Click to view 38 Comments

38 Responses to Top 10 downloaded iPhone health app can cause significant patient harm

  1. Natalie hodge July 14, 2014 at 1:52 pm #

    “This is real life”. You got that right. A very somber post for all of us innovating in mhealth. This is not a game. The same goes for connected health data which interfaces from any third party Bp connected cuff! What are your thoughts there? Let’s say withings?

    Natalie hodge md

  2. Allen Holloway July 14, 2014 at 2:11 pm #

    Unless they can present scientifically validated data to the contrary, this has to be considered a scam, as they are making a ton of money from people who think it is real. If this is indeed just “a game”, that should be presented in bold type at the beginning of the description. If someone was hurt by assuming that their data was valid, I suspect they might be able to sue the company, so I think they should be careful. However, with the large sums they have already made from this “game”, they can probably shut it down, and just run off with the money.

    • Iltifat Husain, MD July 27, 2014 at 7:56 pm #

      I agree — I truly wonder what would happen if someone did get injured using this app. What would be the repercussions to not only the developer — but one wonders if Apple or Google would be culpable as well? That’s one of the things that’s so disappointing w/ this — if someone does use this app inappropriately due to how the developers have marketed the app (initially not having any type of disclaimer in the app) — and they have a bad outcome — it would set all the health apps back. Especially the ones who are trying to get FDA approval before use, and putting in the appropriate grunt work and going through the right channels.

  3. Devin July 14, 2014 at 5:00 pm #

    Well done, Iltifat. As a Physician in Internal Medicine, I would be horrified for a patient’s safety if they used this app for hypertension management. It has no validity at all. I hope this snake oil is removed before someone dies because of it.

    • Iltifat Husain, MD July 27, 2014 at 7:59 pm #

      Thanks, I really am giving the developers the benefit of the doubt when they tell me they actually are working on some algorithms to make this happen — my beef and issue is w/ the lack of disclaimers, and making people pay for something that isn’t supposed to be work. So many ethical dilemmas with this app.

  4. Mindaugas July 15, 2014 at 7:16 am #

    Great, now people will write in to ask me why the hell my app (which is simply a logging/charting tool for BP measurements) can’t do magic. Thank You very much dear Aura Scammers Labs.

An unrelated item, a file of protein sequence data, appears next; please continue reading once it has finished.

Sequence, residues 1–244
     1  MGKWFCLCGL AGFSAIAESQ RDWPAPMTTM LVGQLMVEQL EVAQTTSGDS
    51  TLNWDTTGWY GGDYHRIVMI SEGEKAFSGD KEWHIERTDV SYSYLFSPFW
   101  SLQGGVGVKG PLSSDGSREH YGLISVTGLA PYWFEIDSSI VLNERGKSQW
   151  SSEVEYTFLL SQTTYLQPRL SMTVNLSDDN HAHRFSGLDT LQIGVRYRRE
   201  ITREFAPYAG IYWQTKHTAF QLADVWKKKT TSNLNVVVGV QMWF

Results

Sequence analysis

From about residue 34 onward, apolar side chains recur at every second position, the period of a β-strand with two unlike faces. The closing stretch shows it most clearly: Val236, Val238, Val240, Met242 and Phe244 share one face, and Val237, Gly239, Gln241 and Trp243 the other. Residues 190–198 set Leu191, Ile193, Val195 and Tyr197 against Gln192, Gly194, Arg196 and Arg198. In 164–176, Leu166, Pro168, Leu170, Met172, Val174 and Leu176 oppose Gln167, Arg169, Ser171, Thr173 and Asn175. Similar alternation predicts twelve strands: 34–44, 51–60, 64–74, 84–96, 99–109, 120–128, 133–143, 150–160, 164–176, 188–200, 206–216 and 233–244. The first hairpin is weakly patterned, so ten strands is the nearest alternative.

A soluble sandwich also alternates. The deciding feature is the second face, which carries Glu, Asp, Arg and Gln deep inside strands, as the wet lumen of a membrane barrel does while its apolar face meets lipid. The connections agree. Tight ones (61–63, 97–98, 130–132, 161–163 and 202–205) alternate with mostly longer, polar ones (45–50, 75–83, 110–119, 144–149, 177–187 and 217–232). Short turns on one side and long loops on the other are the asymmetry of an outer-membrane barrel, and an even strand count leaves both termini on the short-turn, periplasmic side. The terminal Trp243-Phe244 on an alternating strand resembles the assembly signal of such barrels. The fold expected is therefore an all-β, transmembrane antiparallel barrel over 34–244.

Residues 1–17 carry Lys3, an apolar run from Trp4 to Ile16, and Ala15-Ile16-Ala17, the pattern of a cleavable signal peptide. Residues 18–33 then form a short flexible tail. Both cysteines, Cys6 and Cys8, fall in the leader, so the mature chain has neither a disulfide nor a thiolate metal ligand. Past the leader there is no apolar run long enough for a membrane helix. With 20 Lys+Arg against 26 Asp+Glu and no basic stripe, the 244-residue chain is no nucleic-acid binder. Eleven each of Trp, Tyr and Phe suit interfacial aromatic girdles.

• Iltifat Husain, MD July 27, 2014 at 7:59 pm #

      ^ hilarious

  5. Dennis July 16, 2014 at 8:13 pm #

    I agree that it seems strange.

    On the other hand, it was only 110 years ago that skeptics questioned Nikolai Korotkov when he claimed he could measure blood pressure by listening to the quality of sounds at the elbow while deflating a cuff on the upper arm.

    I have to wonder why Dr. Husain didn’t simply share some personal results. A few erroneous examples would have quickly debunked this app.

    • Iltifat Husain, MD July 17, 2014 at 2:21 pm #

      If I had done that, I would be culpable of doing the same thing the developers of this app are — presenting a nonscientific manner to results. Since I don’t have hypertension, the variance of my BP compared to their method would be subjective. Further, there are ample examples in the screen shots I presented that show people with incorrect BP results.

      BTW Nikolai Korotkov did present his findings in an academic manner, consistent w/ the scientific method — while there were skeptics, he didn’t just randomly put something out there. He had data to back up his claims.

      • Dennis July 17, 2014 at 7:42 pm #

        I agree that Korotkov answered skeptics with scientific data including animal studies soon after his initial description of his method. However, his initial presentation was a description of the method. The data followed soon after.

        I should have said “shared personal observations” rather than “shared personal results”. I was suggesting it would have been simple for you to do a few A-B comparison with different people having BP measured with a cuff. Your personal observation of the failure of the device to work would have been more convincing than the online observations of “Fergie’s mom” and “JMRBR”.

        The accurate measurement of blood pressure by cuff and Korotkov sounds can be challenging. It is notoriously dependent on proper cuff fit. It also may be unreliable if vessels are calcified.

        It is well documented that the blood pressure measured by an arterial line, cuff/Korotkov sounds, and oscillometric method (eg Dinamap) may show considerable disagreement.